# Data-driven modelling of non-linear systems by means of artificial neural network hybrids

Sebastian Herzog

Kumulative Dissertation
Datum der mündl. Prüfung:
2021-03-15

Erschienen:
2021-04-16

Betreuer:
Wörgötter, Florentin Prof. Dr.

Gutachter:
Wörgötter, Florentin Prof. Dr.

Gutachter:
Parlitz, Ulrich Apl. Prof. Dr.

Gutachter:
Kurths, Jürgen Prof. Dr. Dr.

Zum Verlinken/Zitieren: http://hdl.handle.net/21.11130/00-1735-0000-0008-57F5-2

## Dateien

Name:
PhDHerzog_eDiss.pdf

Größe:
69,6 MB

Format:
PDF

Diese Datei ist bis (einschließlich) 13.03.2022 gesperrt.

## Zusammenfassung

### Englisch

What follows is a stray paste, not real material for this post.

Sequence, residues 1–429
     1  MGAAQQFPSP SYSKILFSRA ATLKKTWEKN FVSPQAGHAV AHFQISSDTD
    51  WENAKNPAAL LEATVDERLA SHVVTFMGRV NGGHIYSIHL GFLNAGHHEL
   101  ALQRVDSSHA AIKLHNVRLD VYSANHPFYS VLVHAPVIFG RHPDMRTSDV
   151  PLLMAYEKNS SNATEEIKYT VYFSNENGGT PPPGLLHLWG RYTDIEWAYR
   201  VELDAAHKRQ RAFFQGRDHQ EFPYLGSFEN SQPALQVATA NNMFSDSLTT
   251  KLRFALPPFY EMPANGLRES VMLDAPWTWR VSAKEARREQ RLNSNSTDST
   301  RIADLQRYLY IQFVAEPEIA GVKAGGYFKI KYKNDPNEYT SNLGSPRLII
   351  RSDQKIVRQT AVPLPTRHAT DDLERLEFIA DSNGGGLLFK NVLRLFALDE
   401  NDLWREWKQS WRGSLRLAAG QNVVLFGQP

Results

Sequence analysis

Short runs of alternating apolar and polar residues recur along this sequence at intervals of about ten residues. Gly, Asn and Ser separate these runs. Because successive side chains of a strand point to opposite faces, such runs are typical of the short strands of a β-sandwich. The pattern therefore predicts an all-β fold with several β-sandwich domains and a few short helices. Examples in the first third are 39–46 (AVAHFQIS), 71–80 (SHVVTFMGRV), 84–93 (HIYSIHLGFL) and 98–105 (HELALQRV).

In the natural sciences, theory and experiment are in permanent interaction with each other. Experimental data provide impulses for new theories and theories suggest new experimental set-ups. Earlier, these two areas had been fairly balanced. However, the rapid increase in performance in semiconductor technology makes modern measurement methods possible. This leads currently to the accumulation of gigantic amounts of data that no human being can process by sight and thought alone. Thus, at the moment, the question of how such floods of data can ever be condensed into models , refined theories, and finally into knowledge is sometimes pushed into the background. The work presented in this thesis addresses this issue with a focus on data from non-linear systems. This study can be classified as belonging to the field of data-driven modelling with a methodological focus on hybrid artificial neural networks. The hybrid models presented here are combinations of artificial neural networks, stochastic graphical models and numerical solvers for ordinary differential equations with two goals: The first one is to predict the spatial–temporal dynamics, of the non-linear system, from which the data are coming, over a long time as accurately as possible. While the second one is to find more explicit representations for the data, which are easier to interpret. With respect to the prediction of the spatial–temporal dynamics of non-linear systems, the idea was to employ a well-known artificial neural network architecture that can encode the data in such a way that it can be well predicted by a stochastic graphical model. A specific advantage of this approach is that the artificial neural network has processing properties that can be used for tasks like state reconstruction. This artificial neural network+stochastic graphical model hybrid was evaluated on different non-linear systems and was able to achieve prediction horizons that exceeded the former state of the art, sometimes substantially, in all cases. The second hybrid, is a demonstration how an artificial neural network can be combined with with an numerical equation solver for ordinary differential equations. The goal was to characterise the underlying dynamics of a system as a vector field based on a predefined system of equations given by the user. This approach was applied (under the assumption of Hamilton equations), to the case of a multi agent system and was able to predict a vector field describing the motions of the agents. Therefore this hybrid approach is not trained to make a spatial-temporal prediction as accurately as possible, but to parameterize the derivative of the hidden states from the assumed equations (e.g. Hamilton equations) so that the predicted vector field represents the data with the smallest possible error. In particular, this approach can be used to validate whether assumptions about the physics (here we assumed that the data can be represented by the Hamilton equations) are applicable. Finally, a demonstration is given how to apply these two hybrids methods to real experimental data from a Rayleigh–B\'enard convection cell and the motion of Dictyostelium discoideum (a soil-dwelling amoeba) responding to electric fields of continuous current. For this purpose, the measured raw data must be transferred into a format that is suitable for training the hybrid system. This has been achieved with a newly-developed particle tracking method that is able to reconstruct even high particle densities and assemble them into two or three dimensional trajectories. These trajectories then serve as input for the here-introduced approaches. In both experimental cases, the two hybrid approaches were able to reproduce the date and make predictions that are easier to interpret than the reconstructed data, for example due to the fact that they are essentially noise free. In summary this thesis quantifies how different novel combinations of artificial neural networks with stochastic graphical models and numerical equation solvers for ordinary differential equations perform in predicting and explaining data from a variety of complex non-linear systems.**Keywords:**Data-driven modeling; Machine learning; Artificial neural network; Nonlinear systems; Chaos